- PIT (Personal Income Tax) What is PIT? This is a Personal Income Tax, another popular type of taxes collected in Nigeria. Each individual who earns any type of profit has to pay taxes, and the amount paid can vary from 7 to 24 percent. If you are a Nigerian, you must pay 20 percent of your gross income plus either 1 percent on top of it the annual income is under 300,000 Naira. Non-payment would result in an unpleasant penalty which can vary from 5,000 to 500,000 Naira depending on whether you are a business owner or employer.
- SD (Stamp Duties) Did you know that there is a special tax on written documents in Nigeria? It is called SD or Stamp Duties. If a company executes documents between itself and other people (groups, individuals), it is obliged to pay SD taxes. Some individuals who execute documents between themselves are also responsible for paying Stamp Duties on time. These documents can include guarantor forms, bills of exchange, deed of assignment and others.
- CGT (Capital Gains Tax) If you own any form of property in Nigeria or outside the country, you are obliged to pay CGT or Capital Gains Tax. How much is this tax? You have to pay a flat rate of 10 percent of all chargeable assets.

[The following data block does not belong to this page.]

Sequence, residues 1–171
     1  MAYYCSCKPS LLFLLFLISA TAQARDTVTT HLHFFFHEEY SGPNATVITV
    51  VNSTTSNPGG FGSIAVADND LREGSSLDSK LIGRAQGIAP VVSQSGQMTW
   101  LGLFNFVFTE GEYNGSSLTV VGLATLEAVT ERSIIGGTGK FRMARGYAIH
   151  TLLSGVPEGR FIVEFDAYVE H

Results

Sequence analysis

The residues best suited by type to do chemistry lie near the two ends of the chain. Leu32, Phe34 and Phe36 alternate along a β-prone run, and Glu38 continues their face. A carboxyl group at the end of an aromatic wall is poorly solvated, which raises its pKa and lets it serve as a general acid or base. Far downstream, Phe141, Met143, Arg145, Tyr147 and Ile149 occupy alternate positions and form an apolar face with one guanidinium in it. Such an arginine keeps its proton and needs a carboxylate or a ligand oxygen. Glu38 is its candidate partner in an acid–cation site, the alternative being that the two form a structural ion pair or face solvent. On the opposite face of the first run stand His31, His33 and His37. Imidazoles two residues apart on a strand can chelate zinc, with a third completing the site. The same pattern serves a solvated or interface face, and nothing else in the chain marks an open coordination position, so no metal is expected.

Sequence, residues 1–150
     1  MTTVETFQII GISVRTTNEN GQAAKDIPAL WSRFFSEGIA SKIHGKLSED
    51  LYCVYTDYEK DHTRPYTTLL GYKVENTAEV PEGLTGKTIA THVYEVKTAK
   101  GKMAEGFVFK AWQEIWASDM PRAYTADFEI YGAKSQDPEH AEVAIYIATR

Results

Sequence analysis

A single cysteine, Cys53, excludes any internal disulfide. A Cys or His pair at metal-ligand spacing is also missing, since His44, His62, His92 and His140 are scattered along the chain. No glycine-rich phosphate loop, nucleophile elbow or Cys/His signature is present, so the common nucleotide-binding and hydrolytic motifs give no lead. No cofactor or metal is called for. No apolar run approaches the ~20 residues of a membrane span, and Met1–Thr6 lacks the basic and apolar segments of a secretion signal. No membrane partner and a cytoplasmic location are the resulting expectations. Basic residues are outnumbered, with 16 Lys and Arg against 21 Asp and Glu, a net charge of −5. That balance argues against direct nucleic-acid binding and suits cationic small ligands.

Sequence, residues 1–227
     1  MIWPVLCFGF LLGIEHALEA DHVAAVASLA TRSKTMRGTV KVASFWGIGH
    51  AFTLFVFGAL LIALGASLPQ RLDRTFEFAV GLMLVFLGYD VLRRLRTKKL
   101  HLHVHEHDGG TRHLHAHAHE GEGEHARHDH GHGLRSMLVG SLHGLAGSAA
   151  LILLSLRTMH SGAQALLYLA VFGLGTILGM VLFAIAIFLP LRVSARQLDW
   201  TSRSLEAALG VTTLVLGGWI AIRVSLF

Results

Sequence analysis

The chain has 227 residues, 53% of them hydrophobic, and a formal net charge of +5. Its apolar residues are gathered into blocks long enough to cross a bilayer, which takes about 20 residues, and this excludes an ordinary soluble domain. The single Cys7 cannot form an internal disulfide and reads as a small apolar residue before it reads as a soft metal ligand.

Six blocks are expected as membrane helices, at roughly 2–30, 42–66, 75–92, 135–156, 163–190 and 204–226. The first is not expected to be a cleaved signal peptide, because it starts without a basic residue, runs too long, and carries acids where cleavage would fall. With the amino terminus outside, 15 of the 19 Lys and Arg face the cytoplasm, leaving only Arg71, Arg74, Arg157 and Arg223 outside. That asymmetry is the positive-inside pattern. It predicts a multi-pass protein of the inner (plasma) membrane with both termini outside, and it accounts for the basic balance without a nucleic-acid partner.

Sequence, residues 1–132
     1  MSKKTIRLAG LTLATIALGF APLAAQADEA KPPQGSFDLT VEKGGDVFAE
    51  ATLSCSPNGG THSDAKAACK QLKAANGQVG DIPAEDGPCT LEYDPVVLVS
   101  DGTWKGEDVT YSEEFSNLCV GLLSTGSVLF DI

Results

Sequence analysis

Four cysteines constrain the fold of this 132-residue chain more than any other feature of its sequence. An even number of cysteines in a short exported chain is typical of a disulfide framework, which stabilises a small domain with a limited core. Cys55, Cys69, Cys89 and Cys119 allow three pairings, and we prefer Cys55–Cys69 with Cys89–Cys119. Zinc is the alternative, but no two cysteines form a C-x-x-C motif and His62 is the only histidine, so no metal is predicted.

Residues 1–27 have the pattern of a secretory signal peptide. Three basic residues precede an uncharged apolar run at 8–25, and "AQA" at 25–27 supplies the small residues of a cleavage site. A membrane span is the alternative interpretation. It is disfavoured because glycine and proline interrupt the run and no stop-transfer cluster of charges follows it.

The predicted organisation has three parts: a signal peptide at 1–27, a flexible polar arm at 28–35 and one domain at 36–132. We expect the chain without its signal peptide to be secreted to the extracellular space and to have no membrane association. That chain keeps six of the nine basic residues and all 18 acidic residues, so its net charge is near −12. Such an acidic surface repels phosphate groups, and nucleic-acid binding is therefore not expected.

- NITDL (National Information Technology Development Levy) Among all the various types of taxes in Nigeria, NITDL is also present. This abbreviation stands for the National Information Technology Development Levy. Only some firms pay this particular tax, and only if their minimum turnover gets over 100 million Naira. The list of such companies usually includes financial organizations, banks, GSM and internet service providers, insurance corporations, etc. How much is NITDL? Its flat rate is 1 percent, and it is paid on the company’s profit before the tax. The penalty for not paying the tax on time is expensive. It is 10 percent plus other problems that the company will receive.
- EDT (Tertiary Education Tax) This is another tax among the nine types of taxes in Nigeria in 2019. EDT stands for Tertiary Education Tax. Every company that has a Nigerian registration has to pay 2 percent of its assessable profit. The government uses this money on the development of tertiary education. The tax is sent to the special trust fund and is shared between local higher educational institutions (colleges, polytechnic institutions, and universities).